STANLIB keeps you in touch with the latest investment news:
- Market, economic and investment commentary.
- Unit trust performance updated every week.
Weekly Performance Update (14/06/2013)
Weekly Focus (10/06/2013)
- The ongoing correction in our bond market, with the 13 year R186 RSA bond yield jumping from 6.6% a month ago to over 8% today, is hurting industrial shares, probably because of the relationship between earnings yields and bond yields - which hits industrial share more, especially SA Inc rand-based shares.
- Last week, the big declines came from Aspen -9.4% in the week (up 5% today), Invicta - 8.2%, Truworths - 8%, Firstrand - 7.6%, Wilson Bayly Homes - 7.5%, RMB - 7.3%, Bidvest - 7.2%, Clover - 6.8%, Imperial - 6.6%, Nampak - 6.6%, MTN - 6.3%, Coronation Fund Managers - 6%, Woolies - 5.9%, Clicks - 5.5%, Spar - 5.4%, Foschini - 5.2%, Tiger Brands - 4.8%, Nedbank - 4.8%, Reunert - 4.8% etc.
- The gainers included a strong bounce from listed property shares (up 4.4% in the week) and a few bombed out shares like African Bank - up 12.2%, JD Group - up 10.4%, Telkom - up 7.2% and the best of the lot, Brait, on excellent results, up 14% to a high for the year.
- The 10 year RSA 2023 bond yield has gone up to 7.6% this morning, the highest since last June, which implies that the STANLIB Bond Fund’s unit price has declined around 7.5% in the past month (see chart in main report)
- The chart indicates that - hopefully - we’re close to the end of the sharp correction, which has hurt all bond-related investments, including the STANLIB Income Fund, which seems to have lost about 0.5%, which make sense given that its modified duration, or sensitivity to changes in bond yields, is approximately 0.5.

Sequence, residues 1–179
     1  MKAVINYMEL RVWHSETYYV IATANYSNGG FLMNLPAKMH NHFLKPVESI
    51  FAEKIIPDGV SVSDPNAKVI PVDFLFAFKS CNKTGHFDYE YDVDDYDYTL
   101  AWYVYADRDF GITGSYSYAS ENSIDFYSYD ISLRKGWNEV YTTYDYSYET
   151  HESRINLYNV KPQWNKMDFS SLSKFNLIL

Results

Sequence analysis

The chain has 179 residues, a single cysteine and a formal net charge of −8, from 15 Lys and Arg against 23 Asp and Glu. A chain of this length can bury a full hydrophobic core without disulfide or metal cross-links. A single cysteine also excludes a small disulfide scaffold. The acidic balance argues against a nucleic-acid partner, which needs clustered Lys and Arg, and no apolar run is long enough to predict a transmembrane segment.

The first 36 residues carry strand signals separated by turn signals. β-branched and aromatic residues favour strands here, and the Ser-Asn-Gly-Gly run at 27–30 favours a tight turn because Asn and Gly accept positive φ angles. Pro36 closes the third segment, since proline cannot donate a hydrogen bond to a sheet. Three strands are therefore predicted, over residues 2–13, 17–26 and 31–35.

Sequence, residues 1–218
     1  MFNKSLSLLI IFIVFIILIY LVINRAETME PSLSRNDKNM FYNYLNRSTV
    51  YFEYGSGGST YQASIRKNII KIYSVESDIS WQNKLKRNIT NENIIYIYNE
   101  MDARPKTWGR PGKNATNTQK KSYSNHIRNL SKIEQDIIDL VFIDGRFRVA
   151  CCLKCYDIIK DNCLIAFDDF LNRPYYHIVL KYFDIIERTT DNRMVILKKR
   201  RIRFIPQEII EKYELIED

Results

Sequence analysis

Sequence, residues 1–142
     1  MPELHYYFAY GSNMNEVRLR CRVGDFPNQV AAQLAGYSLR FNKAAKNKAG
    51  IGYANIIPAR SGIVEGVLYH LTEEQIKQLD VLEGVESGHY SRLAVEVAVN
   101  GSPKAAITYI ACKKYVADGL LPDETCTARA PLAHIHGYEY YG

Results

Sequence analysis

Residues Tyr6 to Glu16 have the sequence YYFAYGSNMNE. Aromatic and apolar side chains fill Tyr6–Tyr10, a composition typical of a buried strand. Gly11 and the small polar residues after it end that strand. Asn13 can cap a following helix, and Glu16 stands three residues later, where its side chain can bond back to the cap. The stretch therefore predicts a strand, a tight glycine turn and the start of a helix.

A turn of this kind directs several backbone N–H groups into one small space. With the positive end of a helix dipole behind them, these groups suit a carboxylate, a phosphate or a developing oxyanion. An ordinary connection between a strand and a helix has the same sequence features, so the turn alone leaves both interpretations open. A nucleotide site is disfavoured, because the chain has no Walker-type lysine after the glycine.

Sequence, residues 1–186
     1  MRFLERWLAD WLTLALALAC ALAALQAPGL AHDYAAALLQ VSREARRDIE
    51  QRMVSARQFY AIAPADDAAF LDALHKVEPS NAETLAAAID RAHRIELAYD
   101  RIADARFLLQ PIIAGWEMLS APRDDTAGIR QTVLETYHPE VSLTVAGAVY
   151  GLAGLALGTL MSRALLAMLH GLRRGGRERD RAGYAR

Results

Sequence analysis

- The STANLIB Aggressive Income Fund has declined by around 4.7% and the 5 STANLIB Risk-profiled funds are down between 2.5% and 2.8%.
- Yields have shot up to the same level as last June, before the rate cut, while the bond fund’s unit price has declined to last July’s price level.
- The trend-line on the bond yield from the 10.8% peak during the Lehman Bros-led stock market crash in 2008 shows that the jump in yields is hopefully now hitting resistance - and therefore hopefully is about to peter out.
The Conundrum of a stronger US/Global Economy being “bad” news
- The world has never been through all the quantitative easing that we’re now witnessing.
- So it has been an eye opener watching the reaction of bond markets - as well as other interest sensitive markets like listed property - over the past few weeks, in response to Ben Bernanke’s comment about tapering back the US Fed’s bond buying, or quantitative easing program.
- Just as the Eurozone’s central bank chief, Mario Draghi’s simple “we’ll do whatever it takes” comment a year ago galvanized markets on the upside, so Bernanke’s comment about “tapering” had the reverse effect, sending bond yields up sharply and hurting share prices.